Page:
Translation by Sarah Ruden · Revised and Expanded Edition
A powerful and poignant translation of Vergil’s epic poem, newly equipped with introduction and notes.
This is a substantial revision of Sarah Ruden’s celebrated 2008 translation of Vergil’s Aeneid, which was acclaimed by Garry Wills as “the first translation since Dryden’s that can be read as a great English poem in itself.” Ruden’s line-for-line translation in iambic pentameter is an astonishing feat, unique among modern translations. Her revisions to the translation render the poetry more spare and muscular than her previous version and capture even more closely the essence of Vergil’s poem, which pits national destiny against the fates of individuals, and which resonates deeply in our own time.
This distinguished translation, now equipped with introduction, notes, and glossary by leading Vergil scholar Susanna Braund, allows modern readers to experience for themselves the timeless power of Vergil’s masterpiece.
“Carthage, an ancient Tyrian outpost, faces
Italy and the far-off Tiber’s mouth,
Rich, and experienced and fierce in war.
This land, they say, was Juno’s darling. (Samos
Came second.) There her chariot and arms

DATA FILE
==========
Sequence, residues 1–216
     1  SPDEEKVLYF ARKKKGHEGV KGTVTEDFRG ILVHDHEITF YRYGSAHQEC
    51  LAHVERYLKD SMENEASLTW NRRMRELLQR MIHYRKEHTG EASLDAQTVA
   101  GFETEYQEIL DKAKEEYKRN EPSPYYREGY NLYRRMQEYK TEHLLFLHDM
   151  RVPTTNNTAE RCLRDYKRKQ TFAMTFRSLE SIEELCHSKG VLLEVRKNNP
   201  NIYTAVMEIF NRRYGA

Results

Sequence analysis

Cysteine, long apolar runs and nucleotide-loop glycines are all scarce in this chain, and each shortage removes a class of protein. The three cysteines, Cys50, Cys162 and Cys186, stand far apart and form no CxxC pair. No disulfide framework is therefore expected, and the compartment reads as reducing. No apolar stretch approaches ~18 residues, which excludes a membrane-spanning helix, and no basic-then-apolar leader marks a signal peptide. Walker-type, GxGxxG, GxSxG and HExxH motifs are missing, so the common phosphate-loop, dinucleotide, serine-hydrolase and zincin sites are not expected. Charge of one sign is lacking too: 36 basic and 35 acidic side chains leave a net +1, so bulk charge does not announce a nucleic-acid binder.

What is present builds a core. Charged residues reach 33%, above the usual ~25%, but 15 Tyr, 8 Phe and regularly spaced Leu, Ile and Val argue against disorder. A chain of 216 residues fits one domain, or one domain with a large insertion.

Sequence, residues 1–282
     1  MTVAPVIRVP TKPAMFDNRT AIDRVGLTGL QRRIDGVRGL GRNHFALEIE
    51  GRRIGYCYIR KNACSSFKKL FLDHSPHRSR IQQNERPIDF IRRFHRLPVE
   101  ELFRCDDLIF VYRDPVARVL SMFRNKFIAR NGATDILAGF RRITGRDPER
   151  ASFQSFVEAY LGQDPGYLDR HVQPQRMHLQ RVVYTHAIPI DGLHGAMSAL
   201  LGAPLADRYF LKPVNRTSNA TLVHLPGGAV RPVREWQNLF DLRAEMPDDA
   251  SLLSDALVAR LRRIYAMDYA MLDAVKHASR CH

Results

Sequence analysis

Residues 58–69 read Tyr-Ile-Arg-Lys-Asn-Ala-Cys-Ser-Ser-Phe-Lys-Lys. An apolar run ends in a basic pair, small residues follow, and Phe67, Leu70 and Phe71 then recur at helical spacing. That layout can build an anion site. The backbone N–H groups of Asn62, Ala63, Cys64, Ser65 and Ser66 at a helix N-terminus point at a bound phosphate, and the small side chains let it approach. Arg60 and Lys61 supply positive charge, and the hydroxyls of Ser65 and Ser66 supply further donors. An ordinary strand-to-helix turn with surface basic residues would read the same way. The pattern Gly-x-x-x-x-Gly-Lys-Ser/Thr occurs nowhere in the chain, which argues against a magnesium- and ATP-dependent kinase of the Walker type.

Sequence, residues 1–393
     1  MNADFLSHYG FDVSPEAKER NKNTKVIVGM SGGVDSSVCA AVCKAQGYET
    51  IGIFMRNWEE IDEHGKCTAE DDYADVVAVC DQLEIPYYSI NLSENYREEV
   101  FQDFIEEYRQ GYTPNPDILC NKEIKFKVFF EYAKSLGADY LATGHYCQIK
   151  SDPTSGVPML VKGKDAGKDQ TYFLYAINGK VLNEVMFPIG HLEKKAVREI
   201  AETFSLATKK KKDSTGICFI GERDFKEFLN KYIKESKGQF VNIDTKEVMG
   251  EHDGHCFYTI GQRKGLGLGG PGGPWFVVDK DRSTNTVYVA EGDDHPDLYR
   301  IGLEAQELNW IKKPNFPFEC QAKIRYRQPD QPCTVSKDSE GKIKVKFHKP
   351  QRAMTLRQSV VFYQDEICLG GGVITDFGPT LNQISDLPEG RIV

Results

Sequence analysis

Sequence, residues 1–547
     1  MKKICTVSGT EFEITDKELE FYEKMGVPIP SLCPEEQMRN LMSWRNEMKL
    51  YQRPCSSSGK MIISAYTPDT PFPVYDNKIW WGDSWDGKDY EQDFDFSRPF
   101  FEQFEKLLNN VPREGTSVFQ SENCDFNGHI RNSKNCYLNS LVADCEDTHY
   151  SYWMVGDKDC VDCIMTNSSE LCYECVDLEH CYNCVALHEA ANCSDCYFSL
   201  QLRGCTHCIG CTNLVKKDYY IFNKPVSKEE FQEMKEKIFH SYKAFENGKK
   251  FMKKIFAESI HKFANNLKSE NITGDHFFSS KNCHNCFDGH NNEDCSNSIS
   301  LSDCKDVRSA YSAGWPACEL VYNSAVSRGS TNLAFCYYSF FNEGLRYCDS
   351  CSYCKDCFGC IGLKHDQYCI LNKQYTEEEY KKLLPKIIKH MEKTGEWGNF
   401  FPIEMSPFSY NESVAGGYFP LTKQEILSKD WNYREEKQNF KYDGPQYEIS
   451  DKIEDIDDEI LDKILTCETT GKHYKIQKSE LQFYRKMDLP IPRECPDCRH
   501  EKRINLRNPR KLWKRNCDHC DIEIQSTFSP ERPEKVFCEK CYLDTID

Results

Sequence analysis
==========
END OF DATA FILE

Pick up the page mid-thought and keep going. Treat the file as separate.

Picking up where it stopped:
Were kept, and from the start she planned that Carthage
Would rule the world—if only fate allowed!
But she had heard that one day Troy’s descendants
Would pull her Tyrian towers to the ground.
A war-proud race with broad domains would come
To cut down Africa: the fates ordained it.
Saturn’s child feared this. She recalled the war
She’d fought at Troy for her beloved Greeks
And also what had caused her savage anger.
Deep in her heart remained the verdict given
By Paris, and the insult to her beauty—
Ganymede raped and honored—that whole race
Of Trojans. Hot with rage, she barred from Latium
Those spared by cruel Achilles and the Greeks.
They tossed on endless seas, went wandering,
Fate-driven, year on year around the world’s seas.
A weighty work, to found the Roman nation!”